St Bede’s has become one of London’s great liturgical churches. The departing parish priest explains how it all began

St Bede’s Church, Clapham Park, is by no means an imposing building. It is set back from the road and you can quite easily walk past it without spotting it. If you were to see it, you might think that it was a Methodist chapel; perhaps High Methodist, since there is a cross outside the vestibule with SAVE YOUR SOUL painted on it.

Yet you’d be so wrong. Over the past quarter of a century St Bede’s has become one of the great Catholic parishes of London, to be ranked, so far as traditional liturgy is concerned, with Spanish Place, Maiden Lane and even the Brompton Oratory.

St Bede’s rise in the world can be traced back to something that happened on Fort Lauderdale Beach in January 1994. Fr Christopher Basden, then 41, was on the beach with some priest friends. They were on R&R, and talk turned to Klaus Gamber, the late German priest-liturgist whose The Reform of the Roman Liturgy had recently been published. Gamber’s book is a compelling account of the rupture created by the liturgical fidgets during the Second Vatican Council and, even more so, in its wake.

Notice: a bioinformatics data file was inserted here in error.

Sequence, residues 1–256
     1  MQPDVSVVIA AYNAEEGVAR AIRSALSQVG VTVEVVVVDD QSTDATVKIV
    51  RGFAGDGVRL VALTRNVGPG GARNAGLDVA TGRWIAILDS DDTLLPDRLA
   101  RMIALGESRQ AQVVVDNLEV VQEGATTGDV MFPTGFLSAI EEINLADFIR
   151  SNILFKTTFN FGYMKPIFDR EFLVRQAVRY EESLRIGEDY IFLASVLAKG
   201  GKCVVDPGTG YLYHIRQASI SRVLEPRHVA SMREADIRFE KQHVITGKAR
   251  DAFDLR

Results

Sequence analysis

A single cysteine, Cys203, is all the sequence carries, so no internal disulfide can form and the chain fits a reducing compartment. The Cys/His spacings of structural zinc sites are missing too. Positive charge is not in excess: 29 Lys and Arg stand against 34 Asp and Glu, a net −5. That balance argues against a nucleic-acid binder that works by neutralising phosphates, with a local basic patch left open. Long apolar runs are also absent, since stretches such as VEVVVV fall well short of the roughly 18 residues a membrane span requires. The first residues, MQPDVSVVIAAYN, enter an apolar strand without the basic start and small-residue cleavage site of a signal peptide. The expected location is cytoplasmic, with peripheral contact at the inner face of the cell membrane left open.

Fr Christopher was fascinated by what he was hearing, and later during that beach break – part of a sabbatical in the United States – his friends took him to a Missa Cantata. He was converted. Not long before, he had been appointed parish priest of St Bede’s – and he was now determined that, when he took up his post in September of that year, he would somehow find a home there for the Old Mass.

Fortunately for him, and indeed for the Church, the legendary Fr Hugh Thwaites SJ agreed to join the team at St Bede’s. He was an extraordinary fellow. By background he was Jewish and Christian Scientist. He converted to Catholicism while serving as an Army officer in Singapore at the beginning of the war. When Singapore fell he was taken prisoner and spent the rest of the war in the notorious Changi prison.

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